March 04, 2013
Background Paper on Industrial Boiler MACT Standards
Related Studies & Resources
NESHAPS for Industrial, Commercial and Institutional Boilers
Section 112 of the Clean Air Act (CAA) requires EPA to establish National Emissions Standards for Hazardous Air Pollutants (NESHAPS) for both major and area sources of hazardous air pollutants (HAPS) that are subject to regulation. A major source is defined as a stationary source that emits or has the potential to emit 10 tons per year (tpy) or more of any single HAP or 25 tpy or more of any combination of the 187 HAPS subject to regulation. HAPS are different from other types of air pollutants (e.g., sulfur dioxide, nitrogen dioxide, and particulate matter) that are regulated under other provisions of the CAA. An area source is defined as a stationary source that emits HAPS but that is not a major source.
For area sources, Section 112 requires that EPA develop NESHAPS applicable to area sources that represent 90 percent of the area source emissions of the 30 HAPS that present the greatest threat to public health in the largest number of urban areas. Those HAPS are listed on the Urban HAPS List for the Integrated Urban Air Toxics Strategy implemented under Section 112.
Major sources generally must install and operate maximum achievable control technology (MACT) to limit HAPS emissions. For new sources, MACT-based emissions standards cannot be less stringent than the emissions control achieved in practice by the best-controlled similar source. MACT-based emissions standards for existing sources may be less stringent than standards for new sources but shall not be less stringent than the average emission limitation achieved by the best performing 12 percent of existing sources (or the best performing five sources for source categories with less than 30 sources).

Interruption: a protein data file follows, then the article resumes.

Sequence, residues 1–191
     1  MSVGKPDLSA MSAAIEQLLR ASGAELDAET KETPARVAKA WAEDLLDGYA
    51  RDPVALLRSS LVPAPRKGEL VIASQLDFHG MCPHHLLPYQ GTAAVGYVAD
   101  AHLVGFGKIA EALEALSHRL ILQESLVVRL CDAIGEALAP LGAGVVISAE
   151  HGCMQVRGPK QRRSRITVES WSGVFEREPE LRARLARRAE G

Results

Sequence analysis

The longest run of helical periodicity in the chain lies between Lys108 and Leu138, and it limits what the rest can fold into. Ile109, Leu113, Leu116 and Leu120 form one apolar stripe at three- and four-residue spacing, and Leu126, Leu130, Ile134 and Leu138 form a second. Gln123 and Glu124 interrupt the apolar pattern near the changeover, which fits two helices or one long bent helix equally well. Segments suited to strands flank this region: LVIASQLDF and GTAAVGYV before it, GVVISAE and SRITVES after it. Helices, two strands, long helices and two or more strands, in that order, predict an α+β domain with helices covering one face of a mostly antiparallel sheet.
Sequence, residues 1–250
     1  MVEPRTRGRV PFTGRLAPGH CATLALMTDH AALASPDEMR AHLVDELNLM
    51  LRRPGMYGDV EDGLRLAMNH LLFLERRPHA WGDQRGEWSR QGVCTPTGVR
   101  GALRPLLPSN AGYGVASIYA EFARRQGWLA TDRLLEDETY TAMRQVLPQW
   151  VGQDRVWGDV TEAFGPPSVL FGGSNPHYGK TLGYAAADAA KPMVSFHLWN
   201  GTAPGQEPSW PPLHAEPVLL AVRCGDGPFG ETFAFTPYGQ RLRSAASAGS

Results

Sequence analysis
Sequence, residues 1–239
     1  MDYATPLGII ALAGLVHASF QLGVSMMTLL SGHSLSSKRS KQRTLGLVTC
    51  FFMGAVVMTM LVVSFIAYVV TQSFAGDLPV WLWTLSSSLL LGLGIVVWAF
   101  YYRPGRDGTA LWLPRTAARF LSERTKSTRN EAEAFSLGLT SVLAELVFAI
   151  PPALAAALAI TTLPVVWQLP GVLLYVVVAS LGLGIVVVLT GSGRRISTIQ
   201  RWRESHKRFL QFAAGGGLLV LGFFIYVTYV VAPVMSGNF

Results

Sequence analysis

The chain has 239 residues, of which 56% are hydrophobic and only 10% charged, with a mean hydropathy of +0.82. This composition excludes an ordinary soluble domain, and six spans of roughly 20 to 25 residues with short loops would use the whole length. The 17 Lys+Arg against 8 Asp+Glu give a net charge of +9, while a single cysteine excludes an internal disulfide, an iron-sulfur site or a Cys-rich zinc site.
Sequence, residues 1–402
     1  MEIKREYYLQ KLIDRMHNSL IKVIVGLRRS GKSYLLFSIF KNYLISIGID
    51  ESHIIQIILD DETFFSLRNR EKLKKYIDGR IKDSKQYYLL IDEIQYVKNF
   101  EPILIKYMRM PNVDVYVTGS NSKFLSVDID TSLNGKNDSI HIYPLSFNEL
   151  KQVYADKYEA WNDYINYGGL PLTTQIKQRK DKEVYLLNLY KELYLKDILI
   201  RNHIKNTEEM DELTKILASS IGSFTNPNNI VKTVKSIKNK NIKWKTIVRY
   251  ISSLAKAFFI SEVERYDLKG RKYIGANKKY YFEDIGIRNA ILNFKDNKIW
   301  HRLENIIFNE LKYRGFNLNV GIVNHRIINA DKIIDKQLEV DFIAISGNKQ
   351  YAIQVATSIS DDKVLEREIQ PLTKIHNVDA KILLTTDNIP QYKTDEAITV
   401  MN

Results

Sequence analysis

Area sources generally must install and operate generally available control technology (GACT) to limit HAPS emissions. GACT consists of methods, practices and techniques which are commercially available and appropriate for application by area sources in light of economic impacts and the technical capabilities of the firms to operate and maintain the emissions control systems.
On September 13, 2004, EPA issued final rules that established NESHAPS for new and existing industrial, commercial and institutional boilers and process heaters. The rules were appealed, however, and on June 19, 2007, the U.S. Court of Appeals for the D.C. Circuit vacated and remanded the NESHAPS.
Overview of Rulemaking
On February 21, 2011, EPA issued separate final rules to reduce HAPS emissions from existing and new industrial, commercial and institutional boilers and process heaters located at major sources and reduce HAPS emissions from existing and new industrial, commercial and institutional boilers located at area sources. The final rules reflect numerous revisions from rules proposed in April 2010. The final rules were issued in accordance with a consent decree approved by a federal court.
The pollutants that will be controlled under the final rules include mercury, particulate matter (PM) (as a surrogate for non-mercury metals) and carbon monoxide (CO) (as a surrogate for organic air toxics). In addition, dioxin and hydrogen chloride will be controlled under the final rule for major sources.